A site (Suki Desu) claims one way to think about the natural order of particles is wa > ni > de > wo (though the full article is more in-depth).

Is this correct, or a good general rule to follow? So, is

Watashi wa Sakura ni Koen de Booru wo Nageru

is more natural than

Sakura ni Watashi wa Booru wo Koen de Nageru


Is there any definitive natural order rules I can follow?


2 Answers 2


There are no definite rules for which particles should come before others, it is always dependent on context for which order the particles should come, either to emphasize a point, express emotion, or to make the sentence unambiguous. This does not mean you can just move around parts of the sentence however you want, some sentence orders may sound more natural in different contexts.

More important than particles, IMO, is the order of the Subject, Object and verb. Template sentences in Japanese are most likely to be written in this order.

Another point to consider is the fact that for the most part, clauses that modify something else usually come before that something else. Let's try your example from the most basic sentence. Following the Subject Object Verb order, we begin with

(Watashi wa booru wo nageru)
I throw the ball.

Okay, now we want to add that we threw it to Sakura. Either of the following sound natural.

(Watashi wa Sakura ni booru wo nageru)
I throw Sakura the ball.

(Watashi wa booru wo Sakura ni nageru)
I throw the ball to Sakura.

Comparing English to Japanese is not always a good idea, but I think it illustrates a good point here. Changing up the order emphasizes different things. The first sentences emphasizes who you threw the ball to. The second emphasizes what you what you threw (the ball).

Finally, we want to tell the reader where we were performing the action.

(kouen de, watashi wa booru wo nageru)
In the park, I threw a ball to Sakura.

(Watashi wa kouen de booru wo nageru)
I threw a ball, in the park, to Sakura.

I think both of these are fine, but the first one sounds more natural to me. Maybe a native speaker can comment on this. However, if we go with your first sentence:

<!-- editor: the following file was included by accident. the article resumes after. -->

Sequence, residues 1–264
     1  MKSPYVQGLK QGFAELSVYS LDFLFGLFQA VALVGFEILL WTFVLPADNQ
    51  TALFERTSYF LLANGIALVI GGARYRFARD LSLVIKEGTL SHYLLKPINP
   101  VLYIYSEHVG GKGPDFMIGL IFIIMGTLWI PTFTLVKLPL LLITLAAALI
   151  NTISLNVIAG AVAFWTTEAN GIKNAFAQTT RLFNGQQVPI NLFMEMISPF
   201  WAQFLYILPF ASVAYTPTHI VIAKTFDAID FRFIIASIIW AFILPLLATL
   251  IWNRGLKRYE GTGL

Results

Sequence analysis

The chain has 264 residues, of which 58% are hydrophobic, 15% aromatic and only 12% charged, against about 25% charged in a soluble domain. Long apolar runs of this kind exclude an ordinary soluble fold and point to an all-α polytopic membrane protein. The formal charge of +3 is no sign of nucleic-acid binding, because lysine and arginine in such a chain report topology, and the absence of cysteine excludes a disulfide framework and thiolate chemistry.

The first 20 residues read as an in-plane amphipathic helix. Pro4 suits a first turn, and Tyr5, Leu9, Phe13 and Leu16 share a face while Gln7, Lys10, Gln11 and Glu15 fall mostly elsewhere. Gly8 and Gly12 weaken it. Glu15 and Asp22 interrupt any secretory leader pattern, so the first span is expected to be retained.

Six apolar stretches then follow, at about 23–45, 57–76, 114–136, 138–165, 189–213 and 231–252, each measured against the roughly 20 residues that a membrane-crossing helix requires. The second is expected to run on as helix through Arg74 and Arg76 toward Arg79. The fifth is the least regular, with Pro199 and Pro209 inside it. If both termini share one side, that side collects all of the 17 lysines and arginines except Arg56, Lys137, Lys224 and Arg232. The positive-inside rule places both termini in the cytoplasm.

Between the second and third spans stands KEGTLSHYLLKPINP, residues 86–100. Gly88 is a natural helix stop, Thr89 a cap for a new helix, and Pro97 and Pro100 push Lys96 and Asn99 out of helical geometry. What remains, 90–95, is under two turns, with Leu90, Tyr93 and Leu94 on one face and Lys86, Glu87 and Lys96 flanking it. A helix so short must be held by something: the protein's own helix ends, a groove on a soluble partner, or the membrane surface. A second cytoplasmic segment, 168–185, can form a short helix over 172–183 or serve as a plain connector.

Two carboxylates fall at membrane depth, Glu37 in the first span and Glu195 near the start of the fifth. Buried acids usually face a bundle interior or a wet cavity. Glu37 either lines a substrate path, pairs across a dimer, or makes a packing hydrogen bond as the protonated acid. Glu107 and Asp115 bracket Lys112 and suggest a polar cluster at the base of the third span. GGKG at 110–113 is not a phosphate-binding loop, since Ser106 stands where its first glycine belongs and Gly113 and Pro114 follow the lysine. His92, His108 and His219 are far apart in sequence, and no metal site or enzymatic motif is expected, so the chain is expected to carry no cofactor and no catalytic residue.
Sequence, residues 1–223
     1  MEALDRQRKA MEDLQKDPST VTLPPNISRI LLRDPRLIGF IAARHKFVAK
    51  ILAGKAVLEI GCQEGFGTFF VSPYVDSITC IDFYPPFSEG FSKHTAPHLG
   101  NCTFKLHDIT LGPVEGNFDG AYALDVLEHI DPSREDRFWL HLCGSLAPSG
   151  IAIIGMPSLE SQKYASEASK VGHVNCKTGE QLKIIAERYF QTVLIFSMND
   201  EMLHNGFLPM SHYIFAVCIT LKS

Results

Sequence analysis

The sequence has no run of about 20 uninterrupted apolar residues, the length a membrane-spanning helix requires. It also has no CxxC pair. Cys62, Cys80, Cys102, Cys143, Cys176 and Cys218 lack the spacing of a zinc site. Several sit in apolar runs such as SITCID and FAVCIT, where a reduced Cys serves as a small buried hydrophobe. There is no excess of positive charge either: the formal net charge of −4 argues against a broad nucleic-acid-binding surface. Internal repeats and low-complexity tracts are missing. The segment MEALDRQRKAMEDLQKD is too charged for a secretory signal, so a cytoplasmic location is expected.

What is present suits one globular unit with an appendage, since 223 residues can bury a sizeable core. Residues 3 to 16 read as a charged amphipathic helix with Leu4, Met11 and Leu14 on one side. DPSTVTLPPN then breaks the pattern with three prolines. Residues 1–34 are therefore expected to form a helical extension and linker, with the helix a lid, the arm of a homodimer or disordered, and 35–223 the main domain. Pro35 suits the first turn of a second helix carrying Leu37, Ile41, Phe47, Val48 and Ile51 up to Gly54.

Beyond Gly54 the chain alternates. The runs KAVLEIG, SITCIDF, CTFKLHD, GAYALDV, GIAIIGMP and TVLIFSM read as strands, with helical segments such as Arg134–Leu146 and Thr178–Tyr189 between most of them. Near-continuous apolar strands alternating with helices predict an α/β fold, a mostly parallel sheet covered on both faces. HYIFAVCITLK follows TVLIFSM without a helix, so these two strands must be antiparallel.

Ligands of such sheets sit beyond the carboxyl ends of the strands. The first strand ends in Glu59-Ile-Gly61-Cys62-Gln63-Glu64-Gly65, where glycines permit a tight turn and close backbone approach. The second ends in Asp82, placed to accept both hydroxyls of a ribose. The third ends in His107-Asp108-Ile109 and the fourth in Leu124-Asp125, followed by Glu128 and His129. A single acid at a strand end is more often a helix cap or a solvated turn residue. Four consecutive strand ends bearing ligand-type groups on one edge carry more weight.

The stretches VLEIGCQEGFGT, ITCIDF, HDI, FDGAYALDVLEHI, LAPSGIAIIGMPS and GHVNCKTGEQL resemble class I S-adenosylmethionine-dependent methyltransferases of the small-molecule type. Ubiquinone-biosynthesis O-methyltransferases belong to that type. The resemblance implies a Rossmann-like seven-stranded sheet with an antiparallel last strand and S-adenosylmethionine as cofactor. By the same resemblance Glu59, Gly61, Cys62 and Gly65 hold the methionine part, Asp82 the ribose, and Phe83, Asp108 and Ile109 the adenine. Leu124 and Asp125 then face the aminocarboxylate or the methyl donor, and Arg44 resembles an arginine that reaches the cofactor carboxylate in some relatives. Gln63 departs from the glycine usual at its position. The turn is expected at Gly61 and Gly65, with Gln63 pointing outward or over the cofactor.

(Watashi wa sakura ni kouen de booru wo nageru)
I threw Sakura, in the park, the ball.

公園で comes really close to the verb 投【な】げる, which makes it easy to mistake 公園で for "throw the ball using the park". With a bit of common sense, we can figure out that this is not the case, but putting it further away makes it less ambiguous. What's more, it comes between 桜に and 投げる, interrupting the flow of the sentence.

Okay, so what does this all mean? Well for me it means that the only way to learn word order is to get used to it. Subject Object Verb is a good template for creating sentences, but it is not the only one. Word order is used to portray emotion, emphasis, and disambiguate sentence structure. To understand it, I really recommend that you just let it go for now and learn it slowly through both articles and reading books.

Sentence Structure/ Element Order
Does Word Order affect meaning


I would say the most neutral-sounding order is the following.

[私]{わたし}は [公園]{こうえん}で さくらに ボールを [投]{な}げる。
Watashi wa kōen de Sakura ni bōru o nageru.

When a に-clause indicates a destination of a motion or a target of an action, it tends to be placed later in a sentence than a で-clause. This is probably because such information is considered more closely associated with the action and therefore tends to be kept closer to the verb, which comes at the end. For example, when you throw something to someone, to whom you throw it is considered more directly associated with the action of throwing than where or by what means you do it.

Since an を-clause typically indicates a direct object of an action, it tends be placed immediately before the verb.

If you change this default order, the portion that is moved back is somewhat put in focus.

私は さくらに ボールを 公園で 投げる。
Watashi wa Sakura ni bōru o kōen de nageru.

You might choose this order if your interlocutor already knows you are going to throw a ball to Sakura and you want to stress that you are going to do so in the park.

If a に-clause indicates a time, it tends to be placed early in a sentence.

私は [日曜日]{にちようび}に 公園で さくらに ボールを 投げる。
Watashi wa nichiyōbi ni kōen de Sakura ni bōru o nageru.

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